to the room and found the flames had already penetrated
the floor in the far corner, close to an open raisin-box
containing 23lb. of gunpowder: a quantity of apples
around the box were thoroughly roasted, a knot in the
box was exuding turpentine from the heat, a cask of oil
in the same corner was leaking from the heat, and some
hampers of straw were on fire. The courageous shop-
keeper took up the box of gunpowder, which was
already very hot, and conveyed it safely away. The
fire was afterwards subdued.

Another accident, resulting from the Incautious use
of Naphtha, occurred on the night of the 16th inst., to
two persons, father and son, named Goole, tailors,
residing at 74, Wardour-street, Oxford-street. As they
were engaged in charging a naphtha lamp, the spirit
became suddenly ignited, and in their agitation the
contents of the vessel were upset over their clothes, and
they were instantly enveloped in flames. Screams of
distress were heard to issue from the apartment, and in
a moment the father rushed into the street, enveloped
in fire. Many persons hastened to his assistance, and
by the speedy application of shawls and sundry other
articles of clothing, the flames were soon subdued. The
poor man's clothes were entirely consumed, and his
body was most dreadfully burnt. He was conveyed to
the Middlesex Hospital, and has since died. The son,
although much injured, is expected to recover.

An engineer, out of work in consequence of the strike,
committed suicide on Sunday the 18th instant. As one
of the Citizen steam-boats was proceeding up the river,
several passengers perceived the body of a man lying in
the mud off the Middlesex side of Vauxhall-bridge.
Two watermen dragged the body on to the causeway,
and a shell having been procured, it was taken to the
dead-house of St. Margaret's workhouse, Dean-street,
Westminster. The man was apparently about 29 years
old. The police circulated notices round the district,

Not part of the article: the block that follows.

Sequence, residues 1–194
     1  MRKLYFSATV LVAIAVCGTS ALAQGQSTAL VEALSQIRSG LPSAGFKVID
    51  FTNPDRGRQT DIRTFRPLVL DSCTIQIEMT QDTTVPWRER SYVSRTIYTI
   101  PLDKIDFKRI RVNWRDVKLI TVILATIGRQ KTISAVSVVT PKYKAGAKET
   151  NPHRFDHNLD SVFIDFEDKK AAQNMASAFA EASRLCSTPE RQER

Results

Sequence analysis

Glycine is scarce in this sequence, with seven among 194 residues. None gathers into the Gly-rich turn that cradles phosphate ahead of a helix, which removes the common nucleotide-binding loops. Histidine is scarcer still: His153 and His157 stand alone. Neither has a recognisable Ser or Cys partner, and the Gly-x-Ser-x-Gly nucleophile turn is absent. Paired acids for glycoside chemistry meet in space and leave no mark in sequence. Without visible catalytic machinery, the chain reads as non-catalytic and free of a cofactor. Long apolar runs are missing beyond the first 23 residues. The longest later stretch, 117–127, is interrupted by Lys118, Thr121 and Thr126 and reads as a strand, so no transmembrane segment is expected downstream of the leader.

and in a few hours a female identified the body as that
of a man named John Leach, an engineer, lately in the
employ of Messrs. Maudslay & Field, of Westminster-
bridge-road, Lambeth. He had been missing since
Friday from his home, and the female stated that he
had been in a low state of mind since his dismissal on
account of the strike.

On Saturday evening, the 24th inst., the great cotton
mill belonging to Messrs. Thomas Ogden and Sons,
Dickenson-street, Manchester, was Destroyed by Fire.
The mill had closed, as is usual on Saturdays, at about
three o'clock, and the workmen had left the premises.
There was, however, a shafting in the third story, which
had worked badly, and a mechanic employed at the
mill was directed to remain after the other hands had
left, and to see that this portion of the machinery was
got into proper working order for Monday. The man
appears to have worked till after five, when no longer
able to see, he went into the street and asked a watchman
to go and hold his lamp for a few minutes to light
him whilst he completed his task. The watchman did
so, but whilst he was assisting the mechanic to lift the
shaft into its place he unfortunately dropped his lamp.
The cotton in one of the spinning frames was ignited by
this accident, the flames ran along rapidly from frame
to frame, for it was an immense building, eight storeys
high, full of frames and spindles; the men perceived
almost in a moment that any efforts by themselves to
stop the progress of the flames would be fruitless. They
therefore raised an alarm, and the fire-engines being
within half a mile from the mill were hastily sent for.
This was at ten minutes to six o'clock, and, though not
less than thirteen engines were almost immediately
brought into operation, by half-past six the entire mill
was on fire, extending 60 yards in length by 20 in
breadth, and the flames were streaming forth from 160
windows at each front of the lofty pile, till they met
and formed an immense single sheet of fire over the
roof. The destruction of the mill was rapidly
accomplished. Floor after floor gave way in quick succession,
each falling through with its heavy masses of machinery;
and the roof and large portions of the walls were also
destroyed at the same time. In less than an hour all
that was left of property worth more than £20,000, was
a few shattered walls enclosing a huge heap of broken,
disjointed, and blackened ironwork, mingled with masses